This year’s national poetry day poem (27 August 2021) is a translation from the Arabic by Basim Furat. Furat is one of the Arab writers making a new home in New Zealand. Furat left New Zealand in 2005 after becoming a New Zealand citizen with his Kiwi wife and has lived in Japan, Laos, Ecuador and Sudan. He has become an award-winning travel writer, receiving a major prize in Oman recently.

Furat returned to New Zealand during the COVID-19 crisis in 2020. There have been Arab writers here in New Zealand since the turn of the 20th century (see Niel Wright’s Winter 2014, Poetry Notes article on the Arabic diary of Lebanese writer George Bouzaid translated into English and published in Wellington in 1992) and from the late 1990s there were refugees from Iraq and other places. This year an Egyptian writer Mohamed Hassan has been shortlisted for the Ockham New Zealand Book Awards.

Furat’s poetry has been published all over the world, and has been translated into French, German, Italian, Farsi, Romanian, Chinese, Spanish and English. He has published poetry books in Arabic, one in Spanish, and two collections of translations in English with Wellington publisher HeadworX.

Born in Karbalaa, Iraq, in 1967, he started writing poetry when he was in primary school. His first poem was published when he was in high school. In early 1993 he crossed the border and became a refugee in Jordan. Four years later he arrived in New Zealand. Furat states: “The death of his father when he was two years old, the fact his mother was left a young widow and his compulsory military service for the Iraqi army in the second Gulf War have had a large influence on his poetry.”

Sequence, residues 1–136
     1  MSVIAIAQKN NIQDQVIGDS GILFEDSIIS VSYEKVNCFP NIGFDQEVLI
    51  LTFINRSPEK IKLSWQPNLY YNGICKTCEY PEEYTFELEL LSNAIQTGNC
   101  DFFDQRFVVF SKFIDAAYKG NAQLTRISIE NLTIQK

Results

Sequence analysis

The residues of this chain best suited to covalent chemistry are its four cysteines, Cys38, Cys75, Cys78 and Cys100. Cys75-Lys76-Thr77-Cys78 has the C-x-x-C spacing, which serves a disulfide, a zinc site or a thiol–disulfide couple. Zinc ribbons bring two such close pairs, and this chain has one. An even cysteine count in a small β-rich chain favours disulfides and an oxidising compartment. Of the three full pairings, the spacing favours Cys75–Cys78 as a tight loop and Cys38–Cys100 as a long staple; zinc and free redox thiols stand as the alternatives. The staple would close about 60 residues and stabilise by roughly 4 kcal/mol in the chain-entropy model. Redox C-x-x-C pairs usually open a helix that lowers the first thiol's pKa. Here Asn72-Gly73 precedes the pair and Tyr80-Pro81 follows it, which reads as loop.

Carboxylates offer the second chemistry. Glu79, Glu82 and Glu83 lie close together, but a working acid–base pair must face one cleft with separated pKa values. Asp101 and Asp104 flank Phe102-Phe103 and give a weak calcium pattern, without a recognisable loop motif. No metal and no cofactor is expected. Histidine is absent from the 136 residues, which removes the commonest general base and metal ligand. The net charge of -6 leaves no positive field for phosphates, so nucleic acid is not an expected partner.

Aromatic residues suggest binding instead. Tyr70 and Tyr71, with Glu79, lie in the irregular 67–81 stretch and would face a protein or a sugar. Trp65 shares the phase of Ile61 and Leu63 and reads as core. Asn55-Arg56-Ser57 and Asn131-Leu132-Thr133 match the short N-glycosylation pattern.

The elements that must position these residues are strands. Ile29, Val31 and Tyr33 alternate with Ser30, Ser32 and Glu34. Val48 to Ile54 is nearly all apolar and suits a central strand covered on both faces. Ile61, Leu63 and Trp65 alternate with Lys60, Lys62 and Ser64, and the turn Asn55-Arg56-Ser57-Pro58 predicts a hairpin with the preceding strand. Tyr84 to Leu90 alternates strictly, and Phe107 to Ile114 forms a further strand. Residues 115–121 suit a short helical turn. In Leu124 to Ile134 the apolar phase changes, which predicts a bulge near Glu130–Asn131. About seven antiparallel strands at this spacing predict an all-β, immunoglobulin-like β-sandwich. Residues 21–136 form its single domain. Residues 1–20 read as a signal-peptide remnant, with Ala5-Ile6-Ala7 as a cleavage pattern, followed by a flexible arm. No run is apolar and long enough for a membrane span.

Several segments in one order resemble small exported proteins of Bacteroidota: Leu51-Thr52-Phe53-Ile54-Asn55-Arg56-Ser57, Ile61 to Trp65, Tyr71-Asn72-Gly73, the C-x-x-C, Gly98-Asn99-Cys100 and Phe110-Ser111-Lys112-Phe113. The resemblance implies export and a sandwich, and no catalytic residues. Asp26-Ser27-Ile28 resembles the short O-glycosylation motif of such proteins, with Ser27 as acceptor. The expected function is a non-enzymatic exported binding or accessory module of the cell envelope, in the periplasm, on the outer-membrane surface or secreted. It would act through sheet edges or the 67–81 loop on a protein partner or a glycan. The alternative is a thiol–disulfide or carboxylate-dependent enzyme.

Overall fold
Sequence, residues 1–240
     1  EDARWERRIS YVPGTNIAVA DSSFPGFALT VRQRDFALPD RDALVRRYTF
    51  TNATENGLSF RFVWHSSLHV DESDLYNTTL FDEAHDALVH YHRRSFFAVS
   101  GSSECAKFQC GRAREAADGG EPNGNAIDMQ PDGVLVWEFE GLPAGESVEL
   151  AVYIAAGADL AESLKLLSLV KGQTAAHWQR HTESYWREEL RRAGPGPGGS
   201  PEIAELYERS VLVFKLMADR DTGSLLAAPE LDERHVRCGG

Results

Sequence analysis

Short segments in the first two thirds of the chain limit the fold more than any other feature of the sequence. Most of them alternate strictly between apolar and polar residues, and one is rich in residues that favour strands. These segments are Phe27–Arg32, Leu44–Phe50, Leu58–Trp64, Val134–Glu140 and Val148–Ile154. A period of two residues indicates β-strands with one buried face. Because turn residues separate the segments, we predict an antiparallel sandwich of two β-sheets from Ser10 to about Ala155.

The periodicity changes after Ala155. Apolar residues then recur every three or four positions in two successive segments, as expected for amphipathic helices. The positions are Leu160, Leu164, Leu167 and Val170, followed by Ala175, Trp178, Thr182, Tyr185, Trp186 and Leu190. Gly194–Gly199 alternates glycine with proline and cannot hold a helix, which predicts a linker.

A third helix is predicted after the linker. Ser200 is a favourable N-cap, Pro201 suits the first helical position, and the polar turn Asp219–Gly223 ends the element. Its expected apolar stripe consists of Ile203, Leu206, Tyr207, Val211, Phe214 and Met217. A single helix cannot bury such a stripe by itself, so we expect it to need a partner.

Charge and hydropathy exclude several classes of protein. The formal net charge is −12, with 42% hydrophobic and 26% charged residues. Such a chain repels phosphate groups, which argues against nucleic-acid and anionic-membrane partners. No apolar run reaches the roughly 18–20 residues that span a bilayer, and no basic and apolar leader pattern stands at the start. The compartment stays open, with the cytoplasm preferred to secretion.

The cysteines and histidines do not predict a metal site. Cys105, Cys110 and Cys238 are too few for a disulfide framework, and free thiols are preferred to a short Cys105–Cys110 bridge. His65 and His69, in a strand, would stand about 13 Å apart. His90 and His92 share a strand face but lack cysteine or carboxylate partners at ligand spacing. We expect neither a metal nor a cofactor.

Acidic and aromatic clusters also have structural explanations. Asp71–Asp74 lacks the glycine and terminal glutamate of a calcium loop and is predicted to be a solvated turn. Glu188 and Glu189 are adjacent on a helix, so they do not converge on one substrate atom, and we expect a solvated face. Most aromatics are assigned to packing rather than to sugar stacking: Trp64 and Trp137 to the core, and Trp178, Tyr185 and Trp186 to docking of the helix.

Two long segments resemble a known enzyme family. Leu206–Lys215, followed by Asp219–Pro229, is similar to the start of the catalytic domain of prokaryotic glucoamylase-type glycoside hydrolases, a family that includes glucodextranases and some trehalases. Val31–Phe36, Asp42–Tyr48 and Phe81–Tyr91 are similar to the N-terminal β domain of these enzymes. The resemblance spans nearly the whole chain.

Furat’s poem Mesopotamia acknowledges his ancestral roots that “herald the beginning of history”. It’s a strong poem on culture and diversity that relates to the times we live in with ever increasing diversity and cultural inclusiveness in Aotearoa / New Zealand as shown by Mohamed Hassan’s book award shortlisted National Anthem. Furat, like Hassan’s, is an important voice in New Zealand poetry and in the modern Arab world of writers, an ever-widening diaspora dispersed around the globe.

Basim Furat


Translated by Dr Salih J. Altoma

where my ancestors planted wisdom
and harvested pain
They built thrones for the gods
and decorated them with their hopes.
They baptized water with their desires
and turned clay into tablets and shelters.
And from the river’s rage
they made a calendar for their days
to herald the beginning of history.

Wellington, New Zealand

(from Visions: Poems 2007-2016, Earl of Seacliff Art Workshop, 2021)

Translation copyright Basim Furat 2021

The poem Mesopotamia and other fine poems by Furat recently translated by Arab translators (edited by me in English) are made available for readers in Aotearoa / New Zealand by Dr Michael O’Leary’s energetic small publishing house Earl of Seacliff Art Workshop in their Mini Series, No. 43.

Basim Furat

Article © Mark Pirie, 2021